SOUTHAMPTON, N.Y. — Don't like what you saw from Phil Mickelson at the U.S. Open?
You ain't seen nothin' yet.
In the third round, putting for bogey after missing the 13th green twice, Mickelson ran from one side of the hole to the other and intentionally putted his ball back toward the hole while it was still in motion. He almost made that putt, but needed two more. Afterward, he not only admitted that he broke the rule to save himself from making a worse score than the 10 he earned — 8 strokes plus a 2-stroke penalty — but also that he had he been planning for years to break the rules that govern the action. The USGA used the more benign of the rule interpretations at its disposal, which kept Mickelson from being considered for disqualification.
Mickelson's shenanigans outraged the golf world. Then he said it might not be the last time.
Asked if he regretted intentionally breaking the rules, Mickelson replied, as he fled from reporters:
"I think the real question is, what am I going to do next?"
Does Lefty have more "strategic" manipulations of the rules in mind? Will he will use this particular illegal and unseemly strategy again?
He might. He's Phil.
The component of Mickelson's misadventure Saturday that most alarmed his peers was that he'd planned it. If this was the real world, that would be first-degree murder … of golf etiquette, of the spirit of the rules and, by association, the spirit of the game. He might never recover.
At 48, having won five majors and the hearts of millions, Mickelson is considered golf's greatest ambassador. He is latest in a line of brilliant, talented gentlemen that runs from Bobby Jones to Arnold Palmer to "Lefty," a West Coast matinee idol with a dazzling smile, flowing hair and the perfect family.
It's hard to imagine Bobby Jones or Arnold Palmer running across a green to intentionally take a penalty with the intention of saving a shot to two, especially at the U.S. Open. It's inconceivable that they would have spent years planning such a breach of sportsmanship.
That's what Mickelson did.
Mickelson left the 13th green at about 2:30 p.m. Saturday, and the USGA spent the next 18 hours trying to salvage its image, and his. Mickelson was blasted by retired pros, golf analysts and Aaron Baddeley, one of his fellow competitors at Shinnecock. The USGA, pilloried for its complicity, held two news conferences Saturday to defend the ruling (and the setup of the golf course for Round 3), then issued a statement Sunday morning that included another, equally dubious explanation of why it didn't disqualify Mickelson.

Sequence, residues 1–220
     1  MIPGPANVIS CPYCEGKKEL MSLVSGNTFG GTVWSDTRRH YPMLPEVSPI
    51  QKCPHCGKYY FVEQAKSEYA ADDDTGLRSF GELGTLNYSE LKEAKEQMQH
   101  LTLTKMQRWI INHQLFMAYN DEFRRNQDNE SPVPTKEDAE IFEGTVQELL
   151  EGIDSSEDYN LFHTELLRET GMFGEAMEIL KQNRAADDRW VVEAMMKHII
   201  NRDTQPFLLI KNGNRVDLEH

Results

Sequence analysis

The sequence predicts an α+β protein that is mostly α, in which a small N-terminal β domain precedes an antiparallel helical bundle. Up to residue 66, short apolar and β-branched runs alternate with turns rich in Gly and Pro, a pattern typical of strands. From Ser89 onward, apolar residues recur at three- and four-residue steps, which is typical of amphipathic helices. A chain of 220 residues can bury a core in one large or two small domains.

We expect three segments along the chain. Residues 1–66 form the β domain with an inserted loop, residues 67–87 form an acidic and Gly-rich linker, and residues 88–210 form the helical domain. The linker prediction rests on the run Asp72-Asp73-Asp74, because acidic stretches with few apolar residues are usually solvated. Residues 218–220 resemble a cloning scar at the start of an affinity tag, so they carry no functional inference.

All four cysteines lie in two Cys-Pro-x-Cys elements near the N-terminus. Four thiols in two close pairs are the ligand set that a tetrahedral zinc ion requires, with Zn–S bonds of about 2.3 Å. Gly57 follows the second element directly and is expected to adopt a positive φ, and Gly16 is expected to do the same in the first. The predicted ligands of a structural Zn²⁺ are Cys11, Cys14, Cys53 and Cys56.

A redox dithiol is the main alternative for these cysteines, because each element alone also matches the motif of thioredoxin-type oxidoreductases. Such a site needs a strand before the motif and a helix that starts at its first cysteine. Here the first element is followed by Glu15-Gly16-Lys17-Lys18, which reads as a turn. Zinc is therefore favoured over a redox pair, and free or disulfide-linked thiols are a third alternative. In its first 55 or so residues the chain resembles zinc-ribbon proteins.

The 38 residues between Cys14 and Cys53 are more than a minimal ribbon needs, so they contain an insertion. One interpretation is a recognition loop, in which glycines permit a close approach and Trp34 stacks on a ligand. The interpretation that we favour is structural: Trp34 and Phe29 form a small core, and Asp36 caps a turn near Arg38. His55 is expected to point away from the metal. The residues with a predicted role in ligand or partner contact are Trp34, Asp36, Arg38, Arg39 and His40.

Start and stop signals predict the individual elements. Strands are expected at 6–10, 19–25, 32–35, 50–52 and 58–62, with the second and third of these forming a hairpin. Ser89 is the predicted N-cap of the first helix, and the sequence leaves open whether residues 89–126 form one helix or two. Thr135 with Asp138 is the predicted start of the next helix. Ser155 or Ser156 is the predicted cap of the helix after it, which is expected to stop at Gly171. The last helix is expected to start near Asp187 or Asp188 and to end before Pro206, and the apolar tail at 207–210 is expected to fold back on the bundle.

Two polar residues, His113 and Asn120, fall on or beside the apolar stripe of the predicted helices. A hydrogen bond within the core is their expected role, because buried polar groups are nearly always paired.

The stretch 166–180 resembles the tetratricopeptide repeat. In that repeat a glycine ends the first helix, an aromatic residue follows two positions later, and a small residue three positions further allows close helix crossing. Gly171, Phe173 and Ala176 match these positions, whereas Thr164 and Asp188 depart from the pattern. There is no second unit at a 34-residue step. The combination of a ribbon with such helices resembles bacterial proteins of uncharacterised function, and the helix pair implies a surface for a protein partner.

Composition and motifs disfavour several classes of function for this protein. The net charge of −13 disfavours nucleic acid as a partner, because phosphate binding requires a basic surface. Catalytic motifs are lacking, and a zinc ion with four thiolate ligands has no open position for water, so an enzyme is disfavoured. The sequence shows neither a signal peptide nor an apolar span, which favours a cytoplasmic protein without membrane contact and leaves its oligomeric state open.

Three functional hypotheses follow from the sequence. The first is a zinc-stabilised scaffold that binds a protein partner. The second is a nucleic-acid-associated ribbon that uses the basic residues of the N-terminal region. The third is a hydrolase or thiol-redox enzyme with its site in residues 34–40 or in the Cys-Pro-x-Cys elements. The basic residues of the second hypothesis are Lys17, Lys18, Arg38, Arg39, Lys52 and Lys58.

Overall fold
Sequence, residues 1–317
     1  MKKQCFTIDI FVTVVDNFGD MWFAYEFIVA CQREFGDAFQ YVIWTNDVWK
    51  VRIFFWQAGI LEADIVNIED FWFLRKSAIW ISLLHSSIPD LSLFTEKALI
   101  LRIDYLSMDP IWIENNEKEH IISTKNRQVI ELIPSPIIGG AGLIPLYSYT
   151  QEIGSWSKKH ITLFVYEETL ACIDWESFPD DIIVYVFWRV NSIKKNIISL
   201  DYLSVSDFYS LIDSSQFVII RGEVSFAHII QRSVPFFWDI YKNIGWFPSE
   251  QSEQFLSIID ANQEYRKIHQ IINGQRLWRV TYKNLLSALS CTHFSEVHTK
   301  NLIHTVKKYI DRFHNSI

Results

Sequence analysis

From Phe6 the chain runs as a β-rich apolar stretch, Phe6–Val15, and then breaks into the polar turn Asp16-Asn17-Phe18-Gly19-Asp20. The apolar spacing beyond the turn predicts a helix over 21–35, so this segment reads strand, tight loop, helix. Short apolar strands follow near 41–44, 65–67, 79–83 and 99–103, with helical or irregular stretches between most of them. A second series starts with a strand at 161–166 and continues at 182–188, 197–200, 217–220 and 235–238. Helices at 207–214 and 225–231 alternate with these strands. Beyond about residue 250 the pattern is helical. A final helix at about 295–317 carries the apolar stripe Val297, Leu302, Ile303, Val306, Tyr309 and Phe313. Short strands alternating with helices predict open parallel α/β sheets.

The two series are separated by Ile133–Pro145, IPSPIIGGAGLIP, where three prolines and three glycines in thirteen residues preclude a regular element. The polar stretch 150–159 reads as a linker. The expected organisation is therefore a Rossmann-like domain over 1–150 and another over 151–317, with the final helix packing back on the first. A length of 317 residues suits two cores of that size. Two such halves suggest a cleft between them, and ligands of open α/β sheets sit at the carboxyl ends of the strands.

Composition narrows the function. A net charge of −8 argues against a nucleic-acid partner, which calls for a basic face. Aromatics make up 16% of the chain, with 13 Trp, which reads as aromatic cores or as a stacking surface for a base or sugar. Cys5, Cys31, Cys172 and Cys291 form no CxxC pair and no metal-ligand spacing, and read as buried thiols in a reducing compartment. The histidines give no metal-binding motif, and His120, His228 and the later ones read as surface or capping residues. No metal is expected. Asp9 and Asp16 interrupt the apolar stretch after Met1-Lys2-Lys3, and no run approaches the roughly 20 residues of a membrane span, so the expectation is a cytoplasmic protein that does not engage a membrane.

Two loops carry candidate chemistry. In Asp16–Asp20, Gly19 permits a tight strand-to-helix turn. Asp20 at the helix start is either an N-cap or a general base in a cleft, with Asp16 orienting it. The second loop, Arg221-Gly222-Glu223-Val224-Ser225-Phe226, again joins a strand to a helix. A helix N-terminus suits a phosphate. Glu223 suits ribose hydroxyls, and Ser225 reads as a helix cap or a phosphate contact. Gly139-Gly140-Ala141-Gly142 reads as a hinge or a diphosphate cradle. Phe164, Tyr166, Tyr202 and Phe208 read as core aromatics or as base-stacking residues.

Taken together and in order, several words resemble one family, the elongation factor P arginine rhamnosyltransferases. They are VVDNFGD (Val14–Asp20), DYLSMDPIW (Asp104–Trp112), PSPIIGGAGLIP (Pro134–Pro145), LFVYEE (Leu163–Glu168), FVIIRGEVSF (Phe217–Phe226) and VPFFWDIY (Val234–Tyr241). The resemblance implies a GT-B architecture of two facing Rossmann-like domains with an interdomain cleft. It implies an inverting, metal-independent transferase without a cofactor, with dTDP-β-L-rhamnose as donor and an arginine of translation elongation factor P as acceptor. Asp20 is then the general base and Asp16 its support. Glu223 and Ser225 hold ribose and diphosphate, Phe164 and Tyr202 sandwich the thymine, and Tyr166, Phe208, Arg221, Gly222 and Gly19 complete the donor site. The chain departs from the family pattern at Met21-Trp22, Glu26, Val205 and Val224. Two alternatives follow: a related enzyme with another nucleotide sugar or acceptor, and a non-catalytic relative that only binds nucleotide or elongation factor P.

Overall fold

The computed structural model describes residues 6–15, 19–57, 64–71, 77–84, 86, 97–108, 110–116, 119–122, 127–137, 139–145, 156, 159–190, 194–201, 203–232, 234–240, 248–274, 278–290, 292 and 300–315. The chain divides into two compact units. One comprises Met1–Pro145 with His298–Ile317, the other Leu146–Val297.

Also, there was golf.
Mickelson had finished 17-over Saturday, which tied him for 65th, one shot ahead of last place. That gave him the third tee time Sunday, at 8:43, with his buddy Rickie Fowler. In benign conditions, with freshly watered greens at treacherous Shinnecock Hills Golf Club, he shot 1 under and finished the tournament just after noon at 16 over.
That included par on No. 13, after which he raised his arms in a mocking celebration. Afterward, he said, "Oh, my goodness. I think I got 'most improved.' "
This dismissive attitude comes on the heels of Mickelson telling anyone who disagreed with his infraction Saturday to "Toughen up."
Mickelson has legions of fans, but he did not win himself any more this week.
His reaction after his par putt fell at No. 13 recalled Mickelson's most celebrated celebration, after he sank a putt and earned his first green jacket, in 2004.
"It looked like he won the Masters," Fowler said. "He didn't jump [Sunday], but he had a little celebration there."
There is little for him to celebrate at this year's U.S. Open, the tournament Mickelson most wants to win. It would give him a win in all four majors and make him the seventh man to complete the career grand slam. He has finished second a record six times. But now he is 48 and his U.S. Open legacy will be highlighted by a premeditated rules infraction at the grandest course in America.
Mike Davis, the USGA CEO, said Saturday night that Mickelson called him to ask if he should have been disqualified, to which Davis replied no. Davis said that Mickelson implied that he was considering withdrawing. Mickelson did not address either of those issues.
In fact, he responded to only three questions, and those were thrown at him as he hustled off the scene, like a man on trial descending the courthouse steps. It was just one more surreal moment in the career of Phil Mickelson.
He spent 25 minutes in the scorer's hut, kibitzed with family and friends for 10 more minutes, signed autographs for 30 minutes, then refused the USGA's request for a proper interview session and scampered off like a scalded cat. Two uniformed police officers and his burly manager ran interference, jostling reporters as Mickelson walked briskly past the driving range toward the player's hospitality tent, which is off-limits.
On his way, he complimented Fowler's fine play and said, "It was a good day."
It felt like anything but.